On Secure Ratcheting with Immediate Decryption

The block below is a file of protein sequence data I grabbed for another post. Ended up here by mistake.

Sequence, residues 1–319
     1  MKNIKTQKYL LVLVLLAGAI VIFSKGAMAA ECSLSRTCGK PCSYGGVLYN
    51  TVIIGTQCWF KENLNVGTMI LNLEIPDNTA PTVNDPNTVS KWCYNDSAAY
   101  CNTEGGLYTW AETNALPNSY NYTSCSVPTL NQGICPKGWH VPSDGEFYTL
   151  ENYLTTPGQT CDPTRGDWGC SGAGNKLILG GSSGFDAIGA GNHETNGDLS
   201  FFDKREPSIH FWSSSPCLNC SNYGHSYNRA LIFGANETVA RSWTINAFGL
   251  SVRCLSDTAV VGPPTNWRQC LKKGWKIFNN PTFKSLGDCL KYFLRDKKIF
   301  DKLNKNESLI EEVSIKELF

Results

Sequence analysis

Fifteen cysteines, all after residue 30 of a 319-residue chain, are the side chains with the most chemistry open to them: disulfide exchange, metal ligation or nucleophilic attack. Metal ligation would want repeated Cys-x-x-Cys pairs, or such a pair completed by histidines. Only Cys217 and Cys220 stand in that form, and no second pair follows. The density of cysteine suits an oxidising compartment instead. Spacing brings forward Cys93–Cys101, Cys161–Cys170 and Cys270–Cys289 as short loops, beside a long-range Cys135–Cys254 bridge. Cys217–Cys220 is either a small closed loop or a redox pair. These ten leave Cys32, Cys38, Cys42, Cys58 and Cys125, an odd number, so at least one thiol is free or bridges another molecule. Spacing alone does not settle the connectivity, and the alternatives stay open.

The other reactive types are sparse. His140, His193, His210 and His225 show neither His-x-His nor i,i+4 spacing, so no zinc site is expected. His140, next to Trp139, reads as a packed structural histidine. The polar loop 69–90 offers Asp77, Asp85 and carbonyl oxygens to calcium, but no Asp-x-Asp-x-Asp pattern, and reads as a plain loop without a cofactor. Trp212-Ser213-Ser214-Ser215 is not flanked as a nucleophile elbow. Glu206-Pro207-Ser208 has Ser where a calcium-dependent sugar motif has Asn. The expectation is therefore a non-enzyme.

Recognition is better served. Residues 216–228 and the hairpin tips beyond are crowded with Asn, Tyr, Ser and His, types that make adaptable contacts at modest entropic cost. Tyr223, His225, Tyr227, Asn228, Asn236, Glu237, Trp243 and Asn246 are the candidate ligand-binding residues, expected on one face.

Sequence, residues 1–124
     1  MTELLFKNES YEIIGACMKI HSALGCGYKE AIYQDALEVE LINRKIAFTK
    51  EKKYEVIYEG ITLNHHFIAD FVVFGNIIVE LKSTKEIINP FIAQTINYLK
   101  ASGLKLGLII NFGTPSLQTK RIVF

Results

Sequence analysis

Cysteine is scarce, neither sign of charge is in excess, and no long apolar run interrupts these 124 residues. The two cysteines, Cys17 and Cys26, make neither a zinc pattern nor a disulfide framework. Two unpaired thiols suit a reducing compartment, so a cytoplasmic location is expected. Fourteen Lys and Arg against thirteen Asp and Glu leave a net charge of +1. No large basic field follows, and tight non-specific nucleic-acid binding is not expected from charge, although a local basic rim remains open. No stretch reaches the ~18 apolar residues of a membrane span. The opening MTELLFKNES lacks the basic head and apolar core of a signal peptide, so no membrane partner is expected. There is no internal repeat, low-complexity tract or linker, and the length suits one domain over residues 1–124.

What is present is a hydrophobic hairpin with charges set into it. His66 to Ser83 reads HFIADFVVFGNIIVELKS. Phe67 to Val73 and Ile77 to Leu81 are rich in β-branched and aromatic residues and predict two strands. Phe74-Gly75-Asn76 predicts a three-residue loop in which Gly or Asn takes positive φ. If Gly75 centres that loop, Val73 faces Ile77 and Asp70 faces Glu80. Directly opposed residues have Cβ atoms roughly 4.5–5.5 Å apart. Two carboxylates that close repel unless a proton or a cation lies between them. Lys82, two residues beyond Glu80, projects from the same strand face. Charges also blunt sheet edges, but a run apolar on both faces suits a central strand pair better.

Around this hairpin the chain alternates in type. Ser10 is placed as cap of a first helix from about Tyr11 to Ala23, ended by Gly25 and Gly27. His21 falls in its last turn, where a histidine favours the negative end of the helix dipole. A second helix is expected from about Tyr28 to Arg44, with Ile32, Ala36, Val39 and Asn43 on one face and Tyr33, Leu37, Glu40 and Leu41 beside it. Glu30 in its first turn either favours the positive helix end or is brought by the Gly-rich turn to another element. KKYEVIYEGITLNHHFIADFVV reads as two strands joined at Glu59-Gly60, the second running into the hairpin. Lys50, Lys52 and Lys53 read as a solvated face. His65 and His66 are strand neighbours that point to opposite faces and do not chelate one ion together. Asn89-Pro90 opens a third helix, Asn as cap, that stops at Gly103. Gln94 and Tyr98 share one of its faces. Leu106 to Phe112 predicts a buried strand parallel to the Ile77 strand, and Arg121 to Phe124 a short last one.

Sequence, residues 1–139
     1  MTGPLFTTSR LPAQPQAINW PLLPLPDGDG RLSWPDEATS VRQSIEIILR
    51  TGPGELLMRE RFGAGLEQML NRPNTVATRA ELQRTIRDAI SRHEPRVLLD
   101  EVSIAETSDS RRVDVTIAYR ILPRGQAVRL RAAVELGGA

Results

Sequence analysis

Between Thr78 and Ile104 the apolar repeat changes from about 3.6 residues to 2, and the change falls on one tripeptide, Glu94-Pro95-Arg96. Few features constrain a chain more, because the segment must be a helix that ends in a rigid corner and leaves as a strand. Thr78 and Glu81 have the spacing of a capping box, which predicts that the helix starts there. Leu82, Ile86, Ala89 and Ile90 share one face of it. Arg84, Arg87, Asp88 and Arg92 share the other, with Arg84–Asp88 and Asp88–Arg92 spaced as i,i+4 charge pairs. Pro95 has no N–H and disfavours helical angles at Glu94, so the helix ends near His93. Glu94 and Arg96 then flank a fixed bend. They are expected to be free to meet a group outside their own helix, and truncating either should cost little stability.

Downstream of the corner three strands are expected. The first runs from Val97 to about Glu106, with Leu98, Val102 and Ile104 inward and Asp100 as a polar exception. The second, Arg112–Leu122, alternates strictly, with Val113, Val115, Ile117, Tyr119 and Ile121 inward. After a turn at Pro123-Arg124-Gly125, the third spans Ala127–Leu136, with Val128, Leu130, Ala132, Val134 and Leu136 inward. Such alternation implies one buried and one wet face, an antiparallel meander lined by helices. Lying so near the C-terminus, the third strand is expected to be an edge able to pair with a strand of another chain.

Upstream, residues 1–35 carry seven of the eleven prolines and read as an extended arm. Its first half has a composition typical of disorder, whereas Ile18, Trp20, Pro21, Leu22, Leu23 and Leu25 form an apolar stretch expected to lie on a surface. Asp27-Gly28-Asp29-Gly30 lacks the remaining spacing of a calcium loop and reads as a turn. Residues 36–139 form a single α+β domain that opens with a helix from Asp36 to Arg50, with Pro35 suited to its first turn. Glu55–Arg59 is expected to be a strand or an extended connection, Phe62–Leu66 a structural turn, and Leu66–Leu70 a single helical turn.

Ratcheting protocols let parties securely exchange messages in environments in which state exposure attacks are anticipated. While, unavoidably, some promises on confidentiality and authenticity cannot be upheld once the adversary obtains a copy of a party's state, ratcheting protocols aim at confining the impact of state exposures as much as possible. In particular, such protocols provide forward security (after state exposure, past messages remain secure) and post-compromise security (after state exposure, participants auto-heal and regain security). Ratcheting protocols serve as core components in most modern instant messaging apps, with billions of users per day. Most instances, including Signal, guarantee immediate decryption (ID): Receivers recover and deliver the messages wrapped in ciphertexts immediately when they become available, even if ciphertexts arrive out-of-order and preceding ciphertexts are still missing. This ensures the continuation of sessions in unreliable communication networks, ultimately contributing to a satisfactory user experience. While most academic treatments consider ratcheting without ID, recent work by Alwen et al (EC'19) proposes the first ID-aware security model for ratcheting and a provably secure construction. However, as we note, in their protocol a receiver state exposure allows for the decryption of all prior undelivered ciphertexts. In particular, from an adversary's point of view, intentionally preventing the delivery of a fraction of the ciphertexts of a conversation, and corrupting the receiver (days) later, allows for correctly decrypting all suppressed ciphertexts. (We note that this attack not only works against the protocol proposed by Alwen et al, but also against Signal.) We argue that the level of (forward-)security established by the protocol of Alwen et al is considerably lower then both intuitively expected and technically possible. The main contributions of our work are thus a refinement of the security notions for ratcheting in the ID setting, together with a provably secure construction. A notable novelty of our model is that it also reflects the progression of physical time. This allows for requiring in security models, and realizing in solutions, that (undelivered) ciphertexts automatically expire after a configurable amount of time.